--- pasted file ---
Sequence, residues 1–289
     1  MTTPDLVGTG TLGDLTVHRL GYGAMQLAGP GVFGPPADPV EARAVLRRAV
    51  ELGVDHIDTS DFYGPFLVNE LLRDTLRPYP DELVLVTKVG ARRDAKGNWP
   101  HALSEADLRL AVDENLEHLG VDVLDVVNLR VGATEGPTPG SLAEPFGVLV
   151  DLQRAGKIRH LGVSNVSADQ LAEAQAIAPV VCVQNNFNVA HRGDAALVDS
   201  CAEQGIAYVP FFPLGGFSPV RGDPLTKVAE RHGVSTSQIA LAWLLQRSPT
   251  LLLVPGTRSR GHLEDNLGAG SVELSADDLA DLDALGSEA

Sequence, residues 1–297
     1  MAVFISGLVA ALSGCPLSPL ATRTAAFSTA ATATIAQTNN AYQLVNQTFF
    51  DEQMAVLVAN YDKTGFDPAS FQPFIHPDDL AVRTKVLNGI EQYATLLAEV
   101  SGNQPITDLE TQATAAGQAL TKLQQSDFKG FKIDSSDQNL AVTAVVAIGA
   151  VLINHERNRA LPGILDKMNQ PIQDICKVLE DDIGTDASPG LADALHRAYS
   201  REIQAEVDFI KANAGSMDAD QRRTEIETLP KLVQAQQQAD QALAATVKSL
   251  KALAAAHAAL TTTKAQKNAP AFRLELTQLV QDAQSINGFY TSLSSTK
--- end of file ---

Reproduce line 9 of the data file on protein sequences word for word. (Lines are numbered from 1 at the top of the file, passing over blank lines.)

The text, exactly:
     1  MAVFISGLVA ALSGCPLSPL ATRTAAFSTA ATATIAQTNN AYQLVNQTFF